Implications of the nuclear crisis for China
Given China's veto power in the Security Council, it has a major determining role in influencing the shape and outcome of the international "proto-crisis" over Iran's nuclear program.

China's decision to vote against Iran at the UN's International Atomic Energy Agency (IAEA) meeting this month - resulting in Iran's referral to the Security Council - did not come as a big surprise to Tehran, since for more than two years top Chinese officials have been visiting Iran and in no unmistakable tone conveying the message that China would not sacrifice its huge trade interests with the West, the US in particular, over Iran.

Branding itself as a "force for peace", China has been working overtime to prevent the situation from deteriorating to the point of UN sanctions threatening the wellspring of its imported energy.

In the light of Iran's rejection of the IAEA move and threats of punitive UN measures against it, China must calculate the various unhappy scenarios involving serious disruption in the Iranian oil supply, not to mention the lesser threat of a more comprehensive disruption in oil flows from the Persian Gulf as a whole in a military scenario. It must factor those risks into its present options of how to behave at the Security Council when the matter arises next month, after the IAEA has presented its latest report on Iran to the UN.

Even a medium-intensity crisis recycling the present danger of escalation is harmful to China's economic interests and investments in Iran and the Persian Gulf, as it translates into higher energy prices and costlier premiums on insurance for oil and gas shipments to China. Fearing diplomatic isolation and a backlash should it exercise its veto in the face of a seemingly global consensus on the threats of Iranian nuclear proliferation, China might be willing to abstain at the Security Council, but likely as a result of a substantive quid pro quo with the US and Europe.

In turn, this raises the important question of what the US and Europe can put on the table that would possibly appease China. Certainly not much on the energy front, at least not directly. Indirectly, however, the US could push for Chinese participation in Iraqi oil or, similarly, a more meaningful China-Saudi cooperation. Yet it is doubtful that China would be content with such initiatives in the light of continuing instability in Iraq impeding its oil industry and the United States' own weariness of undue Chinese closeness to Saudi Arabia.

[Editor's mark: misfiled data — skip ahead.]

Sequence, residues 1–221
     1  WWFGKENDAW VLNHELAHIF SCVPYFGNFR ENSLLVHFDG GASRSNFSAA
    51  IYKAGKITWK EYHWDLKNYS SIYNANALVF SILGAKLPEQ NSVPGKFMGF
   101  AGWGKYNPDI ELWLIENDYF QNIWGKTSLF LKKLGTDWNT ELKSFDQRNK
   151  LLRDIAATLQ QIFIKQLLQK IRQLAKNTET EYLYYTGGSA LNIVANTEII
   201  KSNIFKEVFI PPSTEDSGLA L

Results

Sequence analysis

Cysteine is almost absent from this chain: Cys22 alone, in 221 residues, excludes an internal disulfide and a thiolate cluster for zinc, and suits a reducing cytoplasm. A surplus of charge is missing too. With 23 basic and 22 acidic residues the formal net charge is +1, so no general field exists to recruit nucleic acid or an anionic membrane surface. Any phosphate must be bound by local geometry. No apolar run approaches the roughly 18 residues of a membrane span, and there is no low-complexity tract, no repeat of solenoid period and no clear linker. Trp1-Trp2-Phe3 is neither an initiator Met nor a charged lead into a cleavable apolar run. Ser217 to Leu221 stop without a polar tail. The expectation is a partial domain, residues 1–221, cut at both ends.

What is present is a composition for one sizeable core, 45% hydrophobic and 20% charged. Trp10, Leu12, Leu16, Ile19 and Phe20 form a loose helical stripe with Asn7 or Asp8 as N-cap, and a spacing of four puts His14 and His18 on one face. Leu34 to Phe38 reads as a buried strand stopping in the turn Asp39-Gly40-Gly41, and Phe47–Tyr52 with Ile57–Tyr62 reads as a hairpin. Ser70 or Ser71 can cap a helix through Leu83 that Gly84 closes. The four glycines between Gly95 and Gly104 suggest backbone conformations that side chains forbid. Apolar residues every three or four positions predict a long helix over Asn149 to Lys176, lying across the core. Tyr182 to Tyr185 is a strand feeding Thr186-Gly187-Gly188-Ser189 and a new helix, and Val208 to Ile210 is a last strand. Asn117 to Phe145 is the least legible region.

Hence the US might turn to alternative trade incentives, perhaps even an India-style promise of civil nuclear cooperation, since China is keen on a major push with several new nuclear reactors. But the nub of the problem is that with every move or initiative there are certain flip-sides that may, in fact, trump the original purpose - for example, how the India-US nuclear agreement has been sold in the US Congress as a sop toward deterring China. A similar deal with China for the sake of garnering its vote against Iran only complicates the United States' Asian and subcontinent strategy.

Nor should we be oblivious to the negative ramification on US-Russia relations, given that the old power competition between Moscow and Beijing has not altogether disappeared, irrespective of their recent joint military exercises and other contacts.

Clearly, the US can sweeten the pot with several related concessions, such as selling state-of-the-art coal-gasification material to China, leaning on Europe to ease some of its restrictions on China trade. But again, the million-dollar question is whether or not the sum of such incentives suffices to bring China on board for sanctions on Iran.

Perhaps not, which is why US policy has quickly veered in the military direction, as a timely prop in its current bargaining with China and Russia over Iran, the assumption being that these two Iran allies will go for sanctions as a lesser evil compared to outright military confrontation.

To their credit, both Moscow and Beijing have recognized the perils to their interests by the United States' scripted strategy against Iran, simultaneously warning the US not to threaten Iran. After all, Iran is not the poor, and strategically unimportant, former Yugoslavia, and the stakes are too high to let the US impose its will unilaterally.

Nonetheless, the United States' drive to deprive Iran of nuclear-weapons potential is not easily reversible and, henceforth, China's policymakers must include in their calculations the worst-case scenario imperiling their energy ties to Iran (at least for a while).

Since China has scanty strategic oil reserves of about 30 days, the "nightmare scenario" itself is a powerful motivating force for China to play crisis-prevention, and yet, since it has limited influence on Iran and the other players in this dangerous crisis, it must also consider the option of sacrificing some of its shared interests with the US for the sake of safeguarding its cherished energy stakes in the Middle East.

The latter form important facets of China's long-term ambitions as a global superpower. The real danger of deflating those ambitions by a deft US policy that would deny China one of its most important regional allies is unmistakable.

Kaveh L Afrasiabi, PhD, is the author of After Khomeini: New Directions in Iran's Foreign Policy (Westview Press) and co-author of "Negotiating Iran's Nuclear Populism", The Brown Journal of World Affairs, Volume XII, Issue 2, Summer 2005, with Mustafa Kibaroglu.